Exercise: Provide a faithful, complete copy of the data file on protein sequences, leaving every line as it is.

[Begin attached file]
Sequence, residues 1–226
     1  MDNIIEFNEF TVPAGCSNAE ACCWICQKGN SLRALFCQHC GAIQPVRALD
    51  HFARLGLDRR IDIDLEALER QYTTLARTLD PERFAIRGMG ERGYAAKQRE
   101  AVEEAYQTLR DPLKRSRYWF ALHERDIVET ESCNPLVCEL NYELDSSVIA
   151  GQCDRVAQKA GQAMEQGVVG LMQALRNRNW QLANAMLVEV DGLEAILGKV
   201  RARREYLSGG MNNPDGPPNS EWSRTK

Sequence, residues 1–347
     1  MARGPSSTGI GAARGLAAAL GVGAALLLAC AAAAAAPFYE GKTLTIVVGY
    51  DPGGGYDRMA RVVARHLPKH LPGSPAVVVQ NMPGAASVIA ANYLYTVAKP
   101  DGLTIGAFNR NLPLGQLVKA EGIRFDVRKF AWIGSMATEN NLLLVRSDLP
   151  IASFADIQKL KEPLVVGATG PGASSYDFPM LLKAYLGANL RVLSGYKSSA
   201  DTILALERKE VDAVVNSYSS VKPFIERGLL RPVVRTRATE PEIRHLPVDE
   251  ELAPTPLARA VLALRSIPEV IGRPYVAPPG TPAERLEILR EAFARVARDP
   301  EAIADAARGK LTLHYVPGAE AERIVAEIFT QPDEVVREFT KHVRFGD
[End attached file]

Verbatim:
Sequence, residues 1–226
     1  MDNIIEFNEF TVPAGCSNAE ACCWICQKGN SLRALFCQHC GAIQPVRALD
    51  HFARLGLDRR IDIDLEALER QYTTLARTLD PERFAIRGMG ERGYAAKQRE
   101  AVEEAYQTLR DPLKRSRYWF ALHERDIVET ESCNPLVCEL NYELDSSVIA
   151  GQCDRVAQKA GQAMEQGVVG LMQALRNRNW QLANAMLVEV DGLEAILGKV
   201  RARREYLSGG MNNPDGPPNS EWSRTK

Sequence, residues 1–347
     1  MARGPSSTGI GAARGLAAAL GVGAALLLAC AAAAAAPFYE GKTLTIVVGY
    51  DPGGGYDRMA RVVARHLPKH LPGSPAVVVQ NMPGAASVIA ANYLYTVAKP
   101  DGLTIGAFNR NLPLGQLVKA EGIRFDVRKF AWIGSMATEN NLLLVRSDLP
   151  IASFADIQKL KEPLVVGATG PGASSYDFPM LLKAYLGANL RVLSGYKSSA
   201  DTILALERKE VDAVVNSYSS VKPFIERGLL RPVVRTRATE PEIRHLPVDE
   251  ELAPTPLARA VLALRSIPEV IGRPYVAPPG TPAERLEILR EAFARVARDP
   301  EAIADAARGK LTLHYVPGAE AERIVAEIFT QPDEVVREFT KHVRFGD